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August 2021

[katja.rinne-koski] - 06. Aug 2021, 13:13
Energy transition to a zero-carbon society is happening. People need to have a say in the energy transition. It is proven that when community members are involved in the construction of a wind farm or a bio-mass power plant, public acceptance of the project increases tremendously. Countries need energy communities and energy cooperatives for local sustainable development.

An energy community is a way to organise and manage collective energy actions for the benefits of the local community. It works based on democratic principles, in which every member of the community can participate in decision-making in an equitable manner (one member, one vote), and where there are participatory management practices, transparency in decision-making and financial accountability. The main purpose of the energy community must be to provide environmental, economic or social benefits to its members or local community. Also, community members can achieve a financial return on their investment.

A cooperative is a form of business ownership run by and for their members. Their members voluntarily cooperate for their mutual social, economic, and cultural benefit. Like other cooperatives, an energy cooperative is a member-owned corporation created to provide a service for its members that the individual members could not provide for themselves.

A renewable energy cooperative, for example, could be an initiative of local communities and citizens to promote the production and consumption of renewable energy. It is formed by a group of community members that shares a common long-term goal for a sustainable future of energy at the local or regional level. Through active citizenship involvement, the energy cooperative encourages the citizens to become prosumers. Prosumers mean that people act as both producers and consumers of energy in an attempt to democratize energy supplies by shifting away from relying on large companies.

The core values of an energy cooperative are the principles of self-help, self-responsibility, democracy, equality, equity and solidarity (International Cooperative Alliance 2017).

There is a high potential for energy cooperatives to meet emission targets and supply local communities with decentralized, affordable, safe and renewable energy. In Western Europe, these cooperatives primarily operate wind farms, bioenergy and photovoltaic farms with local and regional scope. They have been supplying and producing renewable energy for the local communities, promoting the energy transition from conventional fuels to green energy.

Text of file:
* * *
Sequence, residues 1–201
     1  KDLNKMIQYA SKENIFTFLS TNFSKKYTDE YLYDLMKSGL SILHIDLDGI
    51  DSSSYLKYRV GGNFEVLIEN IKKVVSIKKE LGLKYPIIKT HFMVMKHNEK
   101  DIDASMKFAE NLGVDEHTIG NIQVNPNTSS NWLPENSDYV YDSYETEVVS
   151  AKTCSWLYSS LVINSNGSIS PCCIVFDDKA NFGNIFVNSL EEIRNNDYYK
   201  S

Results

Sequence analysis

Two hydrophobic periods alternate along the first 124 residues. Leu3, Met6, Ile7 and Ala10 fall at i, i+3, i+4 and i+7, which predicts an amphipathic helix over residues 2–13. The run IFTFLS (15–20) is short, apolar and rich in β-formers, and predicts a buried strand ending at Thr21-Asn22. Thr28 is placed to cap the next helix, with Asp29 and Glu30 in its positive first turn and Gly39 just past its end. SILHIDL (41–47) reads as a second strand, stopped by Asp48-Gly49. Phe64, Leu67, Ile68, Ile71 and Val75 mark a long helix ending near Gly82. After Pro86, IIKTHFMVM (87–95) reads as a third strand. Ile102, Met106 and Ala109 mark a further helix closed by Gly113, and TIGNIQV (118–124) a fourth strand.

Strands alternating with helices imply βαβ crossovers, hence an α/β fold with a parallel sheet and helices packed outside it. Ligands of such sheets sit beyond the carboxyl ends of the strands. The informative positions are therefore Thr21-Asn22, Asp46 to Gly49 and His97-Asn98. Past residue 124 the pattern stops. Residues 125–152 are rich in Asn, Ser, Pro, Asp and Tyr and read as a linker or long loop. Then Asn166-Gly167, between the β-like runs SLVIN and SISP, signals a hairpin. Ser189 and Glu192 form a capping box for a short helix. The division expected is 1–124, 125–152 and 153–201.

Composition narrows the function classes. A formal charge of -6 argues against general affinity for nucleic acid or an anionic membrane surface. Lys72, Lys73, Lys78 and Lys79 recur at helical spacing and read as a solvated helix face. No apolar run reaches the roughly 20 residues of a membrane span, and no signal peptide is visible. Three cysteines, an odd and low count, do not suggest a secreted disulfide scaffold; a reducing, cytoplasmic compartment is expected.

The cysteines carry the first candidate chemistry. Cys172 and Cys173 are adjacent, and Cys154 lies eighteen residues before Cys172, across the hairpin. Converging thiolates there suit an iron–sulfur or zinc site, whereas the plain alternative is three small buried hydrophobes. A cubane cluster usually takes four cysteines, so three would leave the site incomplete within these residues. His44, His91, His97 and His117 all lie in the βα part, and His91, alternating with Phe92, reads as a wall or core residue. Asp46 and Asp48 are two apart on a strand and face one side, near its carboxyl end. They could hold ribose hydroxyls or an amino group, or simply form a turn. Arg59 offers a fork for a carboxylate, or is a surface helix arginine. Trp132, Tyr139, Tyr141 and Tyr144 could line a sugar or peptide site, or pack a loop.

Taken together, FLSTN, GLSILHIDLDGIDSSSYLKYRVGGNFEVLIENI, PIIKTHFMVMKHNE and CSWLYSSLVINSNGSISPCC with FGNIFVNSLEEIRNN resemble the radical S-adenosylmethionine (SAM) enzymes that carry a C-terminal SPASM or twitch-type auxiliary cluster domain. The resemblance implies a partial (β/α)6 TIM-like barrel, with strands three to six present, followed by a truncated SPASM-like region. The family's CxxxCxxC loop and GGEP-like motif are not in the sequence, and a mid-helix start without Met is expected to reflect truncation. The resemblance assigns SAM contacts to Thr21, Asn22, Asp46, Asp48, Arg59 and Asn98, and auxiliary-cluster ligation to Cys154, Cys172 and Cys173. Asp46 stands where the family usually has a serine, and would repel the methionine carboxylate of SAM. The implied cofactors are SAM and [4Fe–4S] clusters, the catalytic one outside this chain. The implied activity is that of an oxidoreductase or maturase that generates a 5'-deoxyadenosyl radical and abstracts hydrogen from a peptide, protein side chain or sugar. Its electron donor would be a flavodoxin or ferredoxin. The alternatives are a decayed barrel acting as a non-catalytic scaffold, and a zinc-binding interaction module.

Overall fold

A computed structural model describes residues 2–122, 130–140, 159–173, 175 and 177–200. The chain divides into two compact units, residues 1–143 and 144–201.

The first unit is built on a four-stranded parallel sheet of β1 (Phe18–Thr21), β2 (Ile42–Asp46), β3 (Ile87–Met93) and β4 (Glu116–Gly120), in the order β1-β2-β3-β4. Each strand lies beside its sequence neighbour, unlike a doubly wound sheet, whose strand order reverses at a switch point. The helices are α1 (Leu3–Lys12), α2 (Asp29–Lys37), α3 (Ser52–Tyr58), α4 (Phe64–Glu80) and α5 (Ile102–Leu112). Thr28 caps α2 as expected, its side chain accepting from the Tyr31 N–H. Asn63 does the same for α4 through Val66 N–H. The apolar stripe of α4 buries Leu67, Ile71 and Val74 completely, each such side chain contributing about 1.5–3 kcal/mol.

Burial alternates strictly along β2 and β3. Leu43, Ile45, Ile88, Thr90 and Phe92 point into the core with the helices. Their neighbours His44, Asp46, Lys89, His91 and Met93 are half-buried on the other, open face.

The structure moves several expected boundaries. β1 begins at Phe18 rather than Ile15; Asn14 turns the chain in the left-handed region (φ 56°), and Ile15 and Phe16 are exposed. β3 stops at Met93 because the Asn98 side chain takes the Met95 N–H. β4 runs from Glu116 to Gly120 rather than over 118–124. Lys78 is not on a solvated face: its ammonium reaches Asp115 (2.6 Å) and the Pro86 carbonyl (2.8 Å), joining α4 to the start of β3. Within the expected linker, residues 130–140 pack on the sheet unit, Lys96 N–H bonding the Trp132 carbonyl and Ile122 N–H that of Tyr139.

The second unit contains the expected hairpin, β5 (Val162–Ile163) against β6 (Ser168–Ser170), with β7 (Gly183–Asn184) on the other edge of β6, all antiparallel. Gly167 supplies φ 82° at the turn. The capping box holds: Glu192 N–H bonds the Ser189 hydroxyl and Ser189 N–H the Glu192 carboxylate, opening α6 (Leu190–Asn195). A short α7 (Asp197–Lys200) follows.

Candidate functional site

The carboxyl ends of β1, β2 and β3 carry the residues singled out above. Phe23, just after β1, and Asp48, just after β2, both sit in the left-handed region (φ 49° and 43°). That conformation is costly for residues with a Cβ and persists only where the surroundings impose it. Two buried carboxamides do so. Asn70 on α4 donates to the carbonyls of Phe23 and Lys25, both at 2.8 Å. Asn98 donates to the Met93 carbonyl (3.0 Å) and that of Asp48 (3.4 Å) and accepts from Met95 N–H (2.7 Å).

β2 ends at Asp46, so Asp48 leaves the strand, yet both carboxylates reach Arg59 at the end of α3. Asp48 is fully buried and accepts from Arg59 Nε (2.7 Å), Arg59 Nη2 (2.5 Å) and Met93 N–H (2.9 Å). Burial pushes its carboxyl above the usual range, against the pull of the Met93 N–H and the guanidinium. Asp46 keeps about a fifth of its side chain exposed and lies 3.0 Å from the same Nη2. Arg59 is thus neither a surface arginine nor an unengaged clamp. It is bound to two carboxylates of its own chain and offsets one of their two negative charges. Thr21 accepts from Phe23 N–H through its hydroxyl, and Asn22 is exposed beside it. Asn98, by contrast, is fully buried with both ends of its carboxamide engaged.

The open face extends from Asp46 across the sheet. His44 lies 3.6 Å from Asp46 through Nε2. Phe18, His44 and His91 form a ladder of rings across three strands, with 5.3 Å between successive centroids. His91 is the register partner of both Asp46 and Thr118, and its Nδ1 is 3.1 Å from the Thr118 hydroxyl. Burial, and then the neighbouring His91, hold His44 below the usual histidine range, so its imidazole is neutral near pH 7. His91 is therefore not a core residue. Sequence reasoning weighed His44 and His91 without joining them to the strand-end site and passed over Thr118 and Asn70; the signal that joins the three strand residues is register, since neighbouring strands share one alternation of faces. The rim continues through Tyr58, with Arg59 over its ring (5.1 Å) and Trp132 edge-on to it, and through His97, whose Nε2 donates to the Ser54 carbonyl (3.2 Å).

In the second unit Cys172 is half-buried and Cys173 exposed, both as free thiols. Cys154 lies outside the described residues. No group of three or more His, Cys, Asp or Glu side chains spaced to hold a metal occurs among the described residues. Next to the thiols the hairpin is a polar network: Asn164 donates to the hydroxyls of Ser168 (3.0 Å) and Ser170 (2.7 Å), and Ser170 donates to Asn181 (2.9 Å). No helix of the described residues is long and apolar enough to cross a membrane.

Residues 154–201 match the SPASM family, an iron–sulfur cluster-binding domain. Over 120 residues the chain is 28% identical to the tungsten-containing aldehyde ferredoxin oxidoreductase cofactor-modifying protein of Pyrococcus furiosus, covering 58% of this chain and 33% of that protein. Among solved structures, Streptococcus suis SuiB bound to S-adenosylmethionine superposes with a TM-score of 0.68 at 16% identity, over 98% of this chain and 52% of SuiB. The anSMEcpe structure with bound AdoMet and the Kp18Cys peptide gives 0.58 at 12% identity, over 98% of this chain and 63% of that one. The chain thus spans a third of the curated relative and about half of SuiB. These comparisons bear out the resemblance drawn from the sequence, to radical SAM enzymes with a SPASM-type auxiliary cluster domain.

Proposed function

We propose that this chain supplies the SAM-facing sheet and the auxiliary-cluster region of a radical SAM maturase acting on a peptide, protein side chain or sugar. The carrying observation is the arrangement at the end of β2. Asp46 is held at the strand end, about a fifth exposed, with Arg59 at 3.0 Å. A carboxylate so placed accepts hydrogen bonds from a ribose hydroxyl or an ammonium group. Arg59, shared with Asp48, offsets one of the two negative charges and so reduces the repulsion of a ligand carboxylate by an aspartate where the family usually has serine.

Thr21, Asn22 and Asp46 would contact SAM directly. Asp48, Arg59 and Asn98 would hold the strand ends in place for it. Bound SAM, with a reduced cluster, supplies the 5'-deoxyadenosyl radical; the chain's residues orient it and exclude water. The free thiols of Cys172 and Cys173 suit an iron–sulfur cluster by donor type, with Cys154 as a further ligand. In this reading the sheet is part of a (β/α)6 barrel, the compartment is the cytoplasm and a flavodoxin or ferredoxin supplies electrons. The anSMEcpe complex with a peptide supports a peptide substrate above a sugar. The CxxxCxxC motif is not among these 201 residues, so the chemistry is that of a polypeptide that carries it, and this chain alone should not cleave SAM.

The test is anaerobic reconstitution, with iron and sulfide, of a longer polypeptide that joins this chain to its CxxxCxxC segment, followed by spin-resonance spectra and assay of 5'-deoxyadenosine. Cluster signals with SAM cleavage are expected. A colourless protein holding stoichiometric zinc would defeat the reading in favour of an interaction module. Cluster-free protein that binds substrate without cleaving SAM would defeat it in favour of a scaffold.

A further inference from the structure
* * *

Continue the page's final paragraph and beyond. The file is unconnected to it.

In Eastern Europe, including Romania, cooperatives are a known concept, but this model is linked with ‘old-fashioned’ and ‘socialist’ images. Cooperative structures are fragile and carved by a profound distrust towards authorities. People have little experience with setting up and managing energy cooperatives that are economically successful and at the same time democratic and cooperative.

Energy cooperatives can act as vehicles for broad democratization and empowerment, fostering self-reliance through collective action and shaping relationships between institutions and civil society that encourage participation.

Energy Cooperative (https://cooperativadeenergie.ro/) is the first cooperative in Romania, which will produce and supply 100% green energy to its members, "shareholders" and its customers. The Energy Cooperative operates as a business that includes two main directions of activity: supply and production of electricity from renewable sources for the community of cooperating members. The cooperative members bring together experiences and expertise from business, renewable energy, NGO sector, rural development, and civic activism.

Energy Cooperative disseminates clear and reliable information to the local community. They operate between national/regional governments and individuals/firms and can play an important role in solving market failures and promoting collective action in rural areas.

Dr. Carmen Păunescu